Oh Reallys...

Discuss your favorite close-up tricks and methods.
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smokemist
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Oh Reallys...

Postby smokemist » November 22nd, 2013, 2:44 am

What are the most ridiculous things you've heard in magic?


Such as:

"If you use the TT correctly, it can be bright pink, & the audience would never know it's there.."

That one has to top the list for me.

Max Maven
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Re: Oh Reallys...

Postby Max Maven » November 22nd, 2013, 5:16 am

The statement is only ridiculous if you came up in magic after around 1970. Prior to that, the standard thumb tip was metal, and smaller than those used today, only coming down to the first knuckle. This meant it was used differently than the in the post-Vernet era.

So, the statement is not ridiculous; rather, it's out of date.

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stereo
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Re: Oh Reallys...

Postby stereo » November 22nd, 2013, 6:32 am

Yes this statement is not ridiculous at all, and even today I think because if it work at the time, it work today too.

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Bob Farmer
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Re: Oh Reallys...

Postby Bob Farmer » November 22nd, 2013, 7:16 am

I thnk it's still as true today as it was when it was first said. I once saw Jack Chanin prove the point by doing a routine and then revealing (to magicians) that the tumb tip was red (or maybe it was chrome) -- or maybe, knowing Chanin, he used a flesh-colored tip then switched in a colored one for the reveal.

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Tom Stone
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Re: Oh Reallys...

Postby Tom Stone » November 22nd, 2013, 7:23 am

smokemist wrote:What are the most ridiculous things you've heard in magic?


Such as:

"If you use the TT correctly, it can be bright pink, & the audience would never know it's there.."

That one has to top the list for me.

Watch Salvano's work...

Jonathan Townsend
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Re: Oh Reallys...

Postby Jonathan Townsend » November 22nd, 2013, 9:02 am

Try my sponge ball or (folding) coin vanish using a distracting colored thumbtip and see how far you get.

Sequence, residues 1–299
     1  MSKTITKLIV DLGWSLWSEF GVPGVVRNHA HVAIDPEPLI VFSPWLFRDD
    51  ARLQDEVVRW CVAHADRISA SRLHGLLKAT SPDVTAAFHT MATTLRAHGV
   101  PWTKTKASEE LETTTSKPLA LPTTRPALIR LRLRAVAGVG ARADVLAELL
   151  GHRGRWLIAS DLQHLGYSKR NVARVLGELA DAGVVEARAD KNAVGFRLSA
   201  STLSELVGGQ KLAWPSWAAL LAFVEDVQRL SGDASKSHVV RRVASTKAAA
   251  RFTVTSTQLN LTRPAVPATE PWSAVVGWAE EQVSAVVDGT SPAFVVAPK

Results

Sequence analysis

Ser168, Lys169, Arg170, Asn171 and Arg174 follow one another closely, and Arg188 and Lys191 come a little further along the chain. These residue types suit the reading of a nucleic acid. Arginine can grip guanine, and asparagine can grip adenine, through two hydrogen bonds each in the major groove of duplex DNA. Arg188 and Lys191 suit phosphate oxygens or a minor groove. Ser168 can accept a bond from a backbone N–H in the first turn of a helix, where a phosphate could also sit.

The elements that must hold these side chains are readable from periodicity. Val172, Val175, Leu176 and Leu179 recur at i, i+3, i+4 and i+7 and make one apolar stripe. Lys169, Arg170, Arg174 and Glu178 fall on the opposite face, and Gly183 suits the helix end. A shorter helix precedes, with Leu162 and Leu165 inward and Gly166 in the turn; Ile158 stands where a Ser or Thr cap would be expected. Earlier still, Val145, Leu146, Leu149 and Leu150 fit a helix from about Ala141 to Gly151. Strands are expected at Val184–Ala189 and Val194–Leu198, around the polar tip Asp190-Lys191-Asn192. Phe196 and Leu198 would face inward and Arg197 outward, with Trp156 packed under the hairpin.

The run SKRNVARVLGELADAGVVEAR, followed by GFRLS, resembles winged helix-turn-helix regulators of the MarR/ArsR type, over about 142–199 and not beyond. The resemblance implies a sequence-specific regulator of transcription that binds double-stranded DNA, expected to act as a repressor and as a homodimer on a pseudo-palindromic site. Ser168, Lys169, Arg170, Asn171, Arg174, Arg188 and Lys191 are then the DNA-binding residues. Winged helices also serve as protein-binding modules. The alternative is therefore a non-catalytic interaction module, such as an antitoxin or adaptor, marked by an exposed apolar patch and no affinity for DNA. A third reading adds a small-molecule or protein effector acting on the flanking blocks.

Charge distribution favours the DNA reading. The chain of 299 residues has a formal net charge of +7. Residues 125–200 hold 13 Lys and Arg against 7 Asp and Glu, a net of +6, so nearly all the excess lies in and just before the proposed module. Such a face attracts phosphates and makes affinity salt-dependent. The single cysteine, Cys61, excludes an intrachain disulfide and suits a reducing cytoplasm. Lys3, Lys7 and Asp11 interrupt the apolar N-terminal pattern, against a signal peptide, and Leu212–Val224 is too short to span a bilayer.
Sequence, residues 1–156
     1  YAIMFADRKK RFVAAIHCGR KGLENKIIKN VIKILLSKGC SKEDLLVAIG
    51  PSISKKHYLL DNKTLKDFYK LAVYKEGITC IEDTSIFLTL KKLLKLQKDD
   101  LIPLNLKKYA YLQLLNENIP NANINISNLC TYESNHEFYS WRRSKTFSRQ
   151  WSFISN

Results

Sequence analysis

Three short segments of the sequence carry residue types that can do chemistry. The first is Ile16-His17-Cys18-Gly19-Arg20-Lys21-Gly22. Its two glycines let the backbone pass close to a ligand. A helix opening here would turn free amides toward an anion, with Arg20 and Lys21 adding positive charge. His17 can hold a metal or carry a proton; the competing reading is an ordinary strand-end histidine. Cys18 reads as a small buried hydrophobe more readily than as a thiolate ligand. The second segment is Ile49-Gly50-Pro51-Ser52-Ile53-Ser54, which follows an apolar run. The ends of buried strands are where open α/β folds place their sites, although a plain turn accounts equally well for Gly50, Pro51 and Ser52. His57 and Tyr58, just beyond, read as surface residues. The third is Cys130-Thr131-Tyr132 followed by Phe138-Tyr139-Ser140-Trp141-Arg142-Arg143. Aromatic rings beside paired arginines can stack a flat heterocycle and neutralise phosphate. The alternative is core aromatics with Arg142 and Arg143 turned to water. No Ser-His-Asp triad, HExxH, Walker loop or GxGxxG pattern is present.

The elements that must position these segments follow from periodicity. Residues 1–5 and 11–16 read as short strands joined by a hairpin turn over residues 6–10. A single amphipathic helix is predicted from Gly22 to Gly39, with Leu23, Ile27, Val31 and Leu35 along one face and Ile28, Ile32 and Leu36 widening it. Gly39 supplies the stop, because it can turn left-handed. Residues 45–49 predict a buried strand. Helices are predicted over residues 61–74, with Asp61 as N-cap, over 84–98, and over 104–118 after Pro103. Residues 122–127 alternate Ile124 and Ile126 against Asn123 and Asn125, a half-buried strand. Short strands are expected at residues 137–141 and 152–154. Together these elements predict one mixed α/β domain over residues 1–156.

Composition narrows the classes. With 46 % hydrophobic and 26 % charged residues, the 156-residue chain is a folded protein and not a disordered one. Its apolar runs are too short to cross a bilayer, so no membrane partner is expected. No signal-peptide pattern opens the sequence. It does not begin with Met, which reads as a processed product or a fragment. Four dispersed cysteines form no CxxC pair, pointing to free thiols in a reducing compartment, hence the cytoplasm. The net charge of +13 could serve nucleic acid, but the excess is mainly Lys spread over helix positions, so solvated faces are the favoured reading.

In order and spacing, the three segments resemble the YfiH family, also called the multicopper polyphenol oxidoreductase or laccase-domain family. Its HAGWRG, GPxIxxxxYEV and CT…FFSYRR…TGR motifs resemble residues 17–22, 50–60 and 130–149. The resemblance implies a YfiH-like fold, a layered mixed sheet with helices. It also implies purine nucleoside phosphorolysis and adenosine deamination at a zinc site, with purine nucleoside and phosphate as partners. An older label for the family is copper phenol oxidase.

Mundus vult decipi -per Caleb Carr's story Killing Time

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Dustin Stinett
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Re: Oh Reallys...

Postby Dustin Stinett » November 22nd, 2013, 11:47 am

To play the game, here is the whopper that, I think, actually hurt magic:

"Easy to do! No practice required!"

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Re: Oh Reallys...

Postby Jonathan Townsend » November 22nd, 2013, 12:23 pm

fresh from underground
the real work revealed after years of
the latest and greatest
almost self-working
Mundus vult decipi -per Caleb Carr's story Killing Time

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erdnasephile
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Re: Oh Reallys...

Postby erdnasephile » November 22nd, 2013, 12:26 pm

"It's fun to be fooled!"

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Richard Kaufman
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Re: Oh Reallys...

Postby Richard Kaufman » November 22nd, 2013, 12:34 pm

They used to demonstrate with a thumbtip painted silver at Lou Tannen's to relieve the worry of potential customers. That has nothing to do with the artful use of a thumbtip when actually performing magic.
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I.M. Magician
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Re: Oh Reallys...

Postby I.M. Magician » November 22nd, 2013, 12:55 pm